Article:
Okay, not quite yet.
Anyway, today I am going to talk about Asian people. It's true they hold a great deal of space in my heart and head (none more so than the obvious boyfriend - must say that because I can already see him scowling). But I already talk about him quite a lot so today I'll talk about Ji Kim of Luxirare and Haruki Murakami.
As usual, all I have to do to illustrate to you the poetry of Ji Kim's web presence is provide you with a couple pictures from her site:
That 'To the Floor' post will be the death of you. Be careful. And conveniently, it is pinned up at the side of my brain labeled Halloween Inspiration (decided to go it safe with the Couturable Vampire route - anyone know where I can find some durable fangs? Want to wear them well after H is over, to snarl at some of the local Arab girls while shopping - and yes, as late as I may be, True Blood has infiltrated, not that I wasn't already a smitten wannabe fang-banger). To reassure you that it is indeed Kara speaking though, Halloween aside, those outfits are more than wearable on a daily basis and I would gladly accept a wardrobe consisting solely of those pieces!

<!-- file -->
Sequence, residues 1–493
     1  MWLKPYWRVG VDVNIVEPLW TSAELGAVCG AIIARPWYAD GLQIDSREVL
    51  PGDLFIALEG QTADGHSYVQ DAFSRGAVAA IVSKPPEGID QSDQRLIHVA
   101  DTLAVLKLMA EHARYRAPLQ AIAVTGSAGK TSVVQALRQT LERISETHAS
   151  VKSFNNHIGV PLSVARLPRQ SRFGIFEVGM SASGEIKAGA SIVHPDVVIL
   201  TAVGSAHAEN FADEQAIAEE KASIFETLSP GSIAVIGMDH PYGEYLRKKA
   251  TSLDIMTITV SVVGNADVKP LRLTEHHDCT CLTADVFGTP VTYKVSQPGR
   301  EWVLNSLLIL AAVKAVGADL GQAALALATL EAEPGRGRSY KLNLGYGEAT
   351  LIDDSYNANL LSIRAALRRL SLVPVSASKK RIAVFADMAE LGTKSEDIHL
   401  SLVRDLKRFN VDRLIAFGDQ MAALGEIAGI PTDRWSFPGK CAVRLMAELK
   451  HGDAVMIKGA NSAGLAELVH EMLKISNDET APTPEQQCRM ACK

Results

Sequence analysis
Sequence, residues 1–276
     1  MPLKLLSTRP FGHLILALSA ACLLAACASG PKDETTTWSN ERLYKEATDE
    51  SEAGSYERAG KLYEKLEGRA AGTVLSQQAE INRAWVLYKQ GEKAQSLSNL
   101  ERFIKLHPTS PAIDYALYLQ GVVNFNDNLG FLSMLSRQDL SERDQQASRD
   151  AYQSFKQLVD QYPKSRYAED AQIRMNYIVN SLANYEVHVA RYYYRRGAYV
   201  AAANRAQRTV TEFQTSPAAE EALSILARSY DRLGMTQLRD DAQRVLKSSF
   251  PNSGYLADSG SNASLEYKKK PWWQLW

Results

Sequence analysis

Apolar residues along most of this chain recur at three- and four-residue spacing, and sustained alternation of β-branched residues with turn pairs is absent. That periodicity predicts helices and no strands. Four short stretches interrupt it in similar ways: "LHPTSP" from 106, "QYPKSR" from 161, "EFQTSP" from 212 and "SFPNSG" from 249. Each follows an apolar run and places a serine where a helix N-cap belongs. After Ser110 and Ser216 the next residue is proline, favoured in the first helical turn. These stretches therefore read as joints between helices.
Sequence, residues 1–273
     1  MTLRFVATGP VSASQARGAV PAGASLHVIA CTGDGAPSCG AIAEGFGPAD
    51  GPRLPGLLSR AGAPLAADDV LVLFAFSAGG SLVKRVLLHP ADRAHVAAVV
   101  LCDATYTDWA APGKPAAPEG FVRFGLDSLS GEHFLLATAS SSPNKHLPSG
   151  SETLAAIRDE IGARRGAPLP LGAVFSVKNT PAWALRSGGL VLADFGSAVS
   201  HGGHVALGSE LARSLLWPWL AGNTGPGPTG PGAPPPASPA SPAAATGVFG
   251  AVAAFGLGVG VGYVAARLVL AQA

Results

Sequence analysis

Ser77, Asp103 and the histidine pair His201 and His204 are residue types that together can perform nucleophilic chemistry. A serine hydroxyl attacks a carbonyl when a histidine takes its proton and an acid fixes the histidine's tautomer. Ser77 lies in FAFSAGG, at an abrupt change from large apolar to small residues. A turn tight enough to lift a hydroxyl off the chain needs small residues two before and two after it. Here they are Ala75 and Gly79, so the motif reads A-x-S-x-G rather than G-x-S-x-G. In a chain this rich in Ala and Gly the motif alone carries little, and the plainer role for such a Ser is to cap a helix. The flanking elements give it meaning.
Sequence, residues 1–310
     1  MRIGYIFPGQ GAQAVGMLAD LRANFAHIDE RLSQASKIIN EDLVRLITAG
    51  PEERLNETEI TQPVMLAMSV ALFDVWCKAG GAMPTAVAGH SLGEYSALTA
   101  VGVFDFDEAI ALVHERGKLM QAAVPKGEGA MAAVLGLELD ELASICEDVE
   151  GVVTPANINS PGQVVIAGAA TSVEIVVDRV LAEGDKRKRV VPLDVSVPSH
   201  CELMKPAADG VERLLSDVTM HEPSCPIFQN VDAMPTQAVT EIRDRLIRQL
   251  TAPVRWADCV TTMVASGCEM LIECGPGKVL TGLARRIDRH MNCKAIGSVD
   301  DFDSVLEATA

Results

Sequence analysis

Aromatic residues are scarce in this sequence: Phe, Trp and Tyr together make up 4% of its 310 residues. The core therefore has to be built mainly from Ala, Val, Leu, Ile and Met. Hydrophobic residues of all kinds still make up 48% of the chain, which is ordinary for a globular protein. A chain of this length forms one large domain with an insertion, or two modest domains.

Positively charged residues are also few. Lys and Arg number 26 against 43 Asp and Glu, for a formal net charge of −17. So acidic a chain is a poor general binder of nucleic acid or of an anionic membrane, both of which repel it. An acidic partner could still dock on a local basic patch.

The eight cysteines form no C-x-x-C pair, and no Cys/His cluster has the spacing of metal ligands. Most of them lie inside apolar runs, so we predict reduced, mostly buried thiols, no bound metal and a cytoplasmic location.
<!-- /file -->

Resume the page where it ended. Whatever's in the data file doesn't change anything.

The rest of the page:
And Murakami. Well, I've been talking about him semi-non-stop for the past week. Just finished this one this morning on the way to work.
Not my favourite, but I've only just gotten started on his many works and am still on the lookout for Kafka on the Shore, which doesn't seem to exist over here, but which Becks strongly recommends. If I myself had to recommend any so far, it would definitely be After Dark - it's the oddball Japanese love story between young people who don't sleep, in a city that doesn't either - always takes my heart. Anyway, here's a passage from South of the Border.. that I absolutey adored.
Her hand, which up till then had lain on the back of the sofa, she now placed on her knee. I stared vacantly at her fingers tracing the plaid pattern of her skirt. There was something curious about it, as if invisible thread emanating from her fingertips was spinning together an entirely new concept of time. I closed my eyes, and in the darkness, whirlpools flashed before me. Countless whirlpools were born and disappeared without a sound. Off in the distance, Nat King Cole was singing 'South of the Border'. The song was about Mexico, but at the time I had no idea. The words 'south of the border' had a strange, appealing ring to them. I was convinced something utterly wonderful lay south of the border. When I opened my eyes, Shimamoto was still moving her fingers along her skirt. Somewhere deep inside me I felt an exquisitely sweet ache.
Yes! GO GO GO!